Coity castle was erected by the knight Payn de Turberville at the end of the 11th century during the penetration of south-eastern Wales by the Norman conquerors.
Payn de Turberville was one of twelve Knights (known as the Twelve Knights of Glamorgan) who had accompanied Robert Fitzhamon on his conquest of Glamorgan.
The Welsh ruler, Morgan ap Meurig (Morgan Son of Meurig), not being well enough to fight, offered to marry the Norman’s daughter. Payn accepted the offer and became Lord of Coity.
The castle was built in the form of an earth and timber ringwork fortification.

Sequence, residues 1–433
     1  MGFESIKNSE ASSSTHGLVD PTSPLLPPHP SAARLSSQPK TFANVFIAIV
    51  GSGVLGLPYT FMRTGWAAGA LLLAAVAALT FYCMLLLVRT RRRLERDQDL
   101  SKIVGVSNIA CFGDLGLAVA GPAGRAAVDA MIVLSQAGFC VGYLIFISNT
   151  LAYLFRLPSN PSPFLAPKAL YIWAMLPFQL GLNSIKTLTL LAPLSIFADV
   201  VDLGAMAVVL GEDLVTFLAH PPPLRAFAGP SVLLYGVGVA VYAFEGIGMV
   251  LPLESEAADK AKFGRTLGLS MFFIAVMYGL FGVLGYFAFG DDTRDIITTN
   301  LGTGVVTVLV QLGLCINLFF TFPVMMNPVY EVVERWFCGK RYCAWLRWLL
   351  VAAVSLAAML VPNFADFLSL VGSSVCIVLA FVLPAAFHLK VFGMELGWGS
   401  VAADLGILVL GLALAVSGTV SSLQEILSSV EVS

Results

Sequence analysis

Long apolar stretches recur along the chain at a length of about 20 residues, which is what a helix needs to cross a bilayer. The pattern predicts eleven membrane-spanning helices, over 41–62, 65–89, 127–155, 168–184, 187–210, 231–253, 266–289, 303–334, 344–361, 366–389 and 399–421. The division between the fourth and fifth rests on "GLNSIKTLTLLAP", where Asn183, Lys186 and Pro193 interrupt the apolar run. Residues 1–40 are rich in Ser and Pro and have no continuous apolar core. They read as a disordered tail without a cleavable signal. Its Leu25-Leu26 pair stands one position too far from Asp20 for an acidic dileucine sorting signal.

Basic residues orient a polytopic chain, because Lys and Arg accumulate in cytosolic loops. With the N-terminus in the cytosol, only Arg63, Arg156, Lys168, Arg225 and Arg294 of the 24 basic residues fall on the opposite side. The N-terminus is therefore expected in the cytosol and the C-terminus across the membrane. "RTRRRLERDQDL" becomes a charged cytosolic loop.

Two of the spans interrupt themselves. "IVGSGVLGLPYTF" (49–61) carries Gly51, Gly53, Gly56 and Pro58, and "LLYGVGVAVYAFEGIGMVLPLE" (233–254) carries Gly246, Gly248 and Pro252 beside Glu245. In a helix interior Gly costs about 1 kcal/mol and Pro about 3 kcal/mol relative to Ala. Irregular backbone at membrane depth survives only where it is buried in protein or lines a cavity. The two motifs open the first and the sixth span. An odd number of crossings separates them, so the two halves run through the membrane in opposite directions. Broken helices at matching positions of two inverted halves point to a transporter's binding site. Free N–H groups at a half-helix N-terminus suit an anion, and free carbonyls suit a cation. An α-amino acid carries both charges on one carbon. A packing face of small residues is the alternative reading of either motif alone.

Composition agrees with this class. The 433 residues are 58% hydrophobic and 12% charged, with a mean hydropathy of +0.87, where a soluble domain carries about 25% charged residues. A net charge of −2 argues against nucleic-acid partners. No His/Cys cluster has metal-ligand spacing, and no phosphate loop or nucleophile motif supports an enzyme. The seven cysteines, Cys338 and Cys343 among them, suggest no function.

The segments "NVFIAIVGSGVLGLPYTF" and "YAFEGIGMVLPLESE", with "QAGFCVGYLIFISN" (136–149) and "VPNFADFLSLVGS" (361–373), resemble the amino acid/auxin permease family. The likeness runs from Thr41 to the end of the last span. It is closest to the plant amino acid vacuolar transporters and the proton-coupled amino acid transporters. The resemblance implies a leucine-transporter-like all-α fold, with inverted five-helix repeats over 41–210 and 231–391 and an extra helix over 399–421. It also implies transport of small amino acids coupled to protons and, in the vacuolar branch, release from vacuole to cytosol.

In around 1180, the castle was rebuilt from timber to stone by another heir of Coity, Gilbert de Turberville
In 1384 the lordship and the castle passed to Sir Lawrence Berkerolles.
He made substantial reinforcements to the castle which resisted the sieges during the Welsh rebellion of Owain Glyndŵr in 1404 and 1405 but in doing so took much damage.
From 1584 to the early 18th Century when it was still partly inhabited, it was owned by the Sydney family, however when Barbara Gamage married Sir Robert Sydney, Earl of Leicester they took up residence in England and the castle had fallen into ruin by the mid 18th Century